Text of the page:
I can’t help but wonder if the writing of blogs is stymied because unless you truly make an effort (and to do what, I’m not sure) no one but your best friends read your blogs?

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  5. I have been thinking long and hard about this blog posting and I believe one he has been missed totally. Given the current culture NCLB has created in education, learning to use new technologies will always take a distant second to finding ways to raise test scores. If it could be conclusively proven that blogs, wikis, podcasts, and other Web 2.0 tools could raise test scores by 5-10% then every administrator would make sure there would be plenty of technology training and teachers would use these tools.

    All of the schools are having training on a new data warehousing program. This program takes various test data and gives a statistical analysis of what a student’s learning plan should be. I hate to say it but accounting should become a mandatory course in education schools. Other technology that does not directly relate to test scores constantly gets pushed to the back burner.

    This is not all the administrators fault either. Our local school board has decreed that a detailed plan to measure the effectiveness of any new technology must be in place before purchase. We all know this can be near impossible with some software or web-based applications.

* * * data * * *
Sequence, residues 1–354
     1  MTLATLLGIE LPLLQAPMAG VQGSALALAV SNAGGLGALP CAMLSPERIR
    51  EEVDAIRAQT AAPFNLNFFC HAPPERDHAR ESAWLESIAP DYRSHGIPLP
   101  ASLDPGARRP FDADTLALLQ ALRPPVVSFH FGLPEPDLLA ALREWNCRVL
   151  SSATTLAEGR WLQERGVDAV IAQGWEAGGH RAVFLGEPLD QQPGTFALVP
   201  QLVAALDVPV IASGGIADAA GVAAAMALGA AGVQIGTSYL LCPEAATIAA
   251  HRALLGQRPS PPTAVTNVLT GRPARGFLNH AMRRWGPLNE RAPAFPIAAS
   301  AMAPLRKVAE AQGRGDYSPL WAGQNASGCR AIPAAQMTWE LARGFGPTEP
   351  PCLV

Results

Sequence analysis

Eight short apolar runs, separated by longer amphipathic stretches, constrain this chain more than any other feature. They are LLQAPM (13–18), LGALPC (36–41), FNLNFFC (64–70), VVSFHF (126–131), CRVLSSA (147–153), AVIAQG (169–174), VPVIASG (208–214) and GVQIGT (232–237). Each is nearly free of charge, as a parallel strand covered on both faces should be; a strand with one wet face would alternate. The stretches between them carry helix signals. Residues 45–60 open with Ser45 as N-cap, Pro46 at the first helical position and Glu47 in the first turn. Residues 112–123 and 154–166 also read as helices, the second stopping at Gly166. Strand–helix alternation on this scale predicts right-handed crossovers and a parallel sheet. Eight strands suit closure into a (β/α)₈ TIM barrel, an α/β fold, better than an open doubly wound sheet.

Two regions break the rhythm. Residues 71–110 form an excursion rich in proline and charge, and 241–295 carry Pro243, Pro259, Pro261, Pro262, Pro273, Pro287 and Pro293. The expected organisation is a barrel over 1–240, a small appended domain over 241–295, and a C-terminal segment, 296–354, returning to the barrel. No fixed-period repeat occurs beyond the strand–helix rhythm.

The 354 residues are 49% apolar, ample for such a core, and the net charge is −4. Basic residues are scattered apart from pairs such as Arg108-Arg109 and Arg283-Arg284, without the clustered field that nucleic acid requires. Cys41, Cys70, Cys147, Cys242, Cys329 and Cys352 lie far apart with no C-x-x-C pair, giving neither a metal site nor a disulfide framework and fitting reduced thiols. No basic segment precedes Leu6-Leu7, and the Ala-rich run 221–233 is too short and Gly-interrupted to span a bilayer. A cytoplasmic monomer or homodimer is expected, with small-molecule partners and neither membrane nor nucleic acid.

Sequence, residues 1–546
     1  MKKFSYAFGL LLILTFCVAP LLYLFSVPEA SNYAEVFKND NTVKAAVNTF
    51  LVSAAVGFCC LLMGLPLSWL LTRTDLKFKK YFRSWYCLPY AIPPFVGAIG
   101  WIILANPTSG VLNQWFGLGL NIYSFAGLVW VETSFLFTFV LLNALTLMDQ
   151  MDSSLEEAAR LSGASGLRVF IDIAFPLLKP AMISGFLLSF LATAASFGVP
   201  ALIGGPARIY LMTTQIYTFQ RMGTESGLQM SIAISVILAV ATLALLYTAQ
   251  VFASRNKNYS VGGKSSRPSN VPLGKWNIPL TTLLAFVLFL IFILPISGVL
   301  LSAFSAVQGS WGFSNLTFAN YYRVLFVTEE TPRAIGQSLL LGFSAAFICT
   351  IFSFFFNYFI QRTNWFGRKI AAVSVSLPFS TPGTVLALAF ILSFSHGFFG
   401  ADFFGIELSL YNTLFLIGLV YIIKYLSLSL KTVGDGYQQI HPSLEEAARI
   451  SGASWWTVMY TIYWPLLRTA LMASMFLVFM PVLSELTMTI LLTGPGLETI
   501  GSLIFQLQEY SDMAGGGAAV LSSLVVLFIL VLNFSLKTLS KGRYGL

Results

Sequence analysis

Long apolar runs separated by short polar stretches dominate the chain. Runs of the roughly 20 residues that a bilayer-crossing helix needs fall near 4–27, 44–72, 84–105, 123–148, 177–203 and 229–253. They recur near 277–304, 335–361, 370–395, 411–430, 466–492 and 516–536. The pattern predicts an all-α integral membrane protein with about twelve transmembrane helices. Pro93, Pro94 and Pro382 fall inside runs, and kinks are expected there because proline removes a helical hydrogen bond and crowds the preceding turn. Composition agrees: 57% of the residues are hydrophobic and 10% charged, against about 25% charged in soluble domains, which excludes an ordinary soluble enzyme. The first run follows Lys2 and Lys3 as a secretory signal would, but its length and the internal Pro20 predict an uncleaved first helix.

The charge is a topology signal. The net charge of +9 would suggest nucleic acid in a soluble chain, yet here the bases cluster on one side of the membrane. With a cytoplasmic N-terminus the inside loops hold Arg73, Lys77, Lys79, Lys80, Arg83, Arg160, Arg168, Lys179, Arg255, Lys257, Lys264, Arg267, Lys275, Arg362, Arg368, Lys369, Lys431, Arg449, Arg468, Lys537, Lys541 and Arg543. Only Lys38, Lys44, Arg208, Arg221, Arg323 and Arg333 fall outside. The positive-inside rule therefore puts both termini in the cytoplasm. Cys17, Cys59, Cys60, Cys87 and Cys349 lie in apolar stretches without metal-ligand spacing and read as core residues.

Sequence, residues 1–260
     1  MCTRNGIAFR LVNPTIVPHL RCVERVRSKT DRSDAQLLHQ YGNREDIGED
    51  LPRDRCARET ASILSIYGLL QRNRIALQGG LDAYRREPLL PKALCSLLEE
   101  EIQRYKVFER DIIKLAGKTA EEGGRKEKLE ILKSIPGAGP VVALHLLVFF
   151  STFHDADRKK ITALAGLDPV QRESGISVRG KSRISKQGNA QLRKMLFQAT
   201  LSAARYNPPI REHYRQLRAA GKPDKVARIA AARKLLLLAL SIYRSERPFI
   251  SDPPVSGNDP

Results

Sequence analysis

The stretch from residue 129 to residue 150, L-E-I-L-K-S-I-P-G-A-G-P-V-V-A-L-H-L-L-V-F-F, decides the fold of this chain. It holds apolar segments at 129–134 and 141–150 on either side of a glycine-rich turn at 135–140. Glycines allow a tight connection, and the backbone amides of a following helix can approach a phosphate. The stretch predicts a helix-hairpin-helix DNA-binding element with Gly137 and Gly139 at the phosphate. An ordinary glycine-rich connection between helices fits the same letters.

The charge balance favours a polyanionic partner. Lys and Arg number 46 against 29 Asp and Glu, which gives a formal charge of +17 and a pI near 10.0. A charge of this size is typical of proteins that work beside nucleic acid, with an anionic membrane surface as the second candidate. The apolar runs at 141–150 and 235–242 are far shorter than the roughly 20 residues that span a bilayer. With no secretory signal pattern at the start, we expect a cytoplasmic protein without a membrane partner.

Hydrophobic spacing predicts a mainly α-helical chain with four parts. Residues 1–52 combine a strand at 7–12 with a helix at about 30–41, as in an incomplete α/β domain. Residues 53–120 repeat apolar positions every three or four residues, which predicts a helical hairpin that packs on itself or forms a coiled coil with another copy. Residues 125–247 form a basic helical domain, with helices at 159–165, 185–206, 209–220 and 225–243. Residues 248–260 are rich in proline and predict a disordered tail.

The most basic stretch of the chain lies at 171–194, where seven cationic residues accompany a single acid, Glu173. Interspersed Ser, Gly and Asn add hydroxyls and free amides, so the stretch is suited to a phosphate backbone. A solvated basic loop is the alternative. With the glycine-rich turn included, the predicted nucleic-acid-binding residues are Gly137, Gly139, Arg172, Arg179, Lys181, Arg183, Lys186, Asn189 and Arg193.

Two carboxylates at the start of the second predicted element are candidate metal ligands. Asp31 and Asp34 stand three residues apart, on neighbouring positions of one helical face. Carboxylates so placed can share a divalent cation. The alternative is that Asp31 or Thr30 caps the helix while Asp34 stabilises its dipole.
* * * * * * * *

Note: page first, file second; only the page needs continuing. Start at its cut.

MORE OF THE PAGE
Another things administrators are unwilling to fix what they see is not broken. I know two teachers at a nearby high school whose students get a near 100% passing rate on their Advanced Placement exams. You can also take their overhead projectors and transparencies when you pry them out of their cold, dead fingers. They don’t see the need to learn anything new and any administrator worth his or her salt would not argue. If the administrator pushes to hard, these teachers will just move to another school where their results will be welcomed with open arms while the administrator has to explain the drop in test scores.

    The bottom line is that in pursuit of statistical gains, we lose sight of the fact we are teaching children. Children who must face cultural and economic changes the likes of which have never been seen. The tools which our children must use to face the new challenges are being ignored by the institution charged with preparing them because of the institutional culture NCLB has created.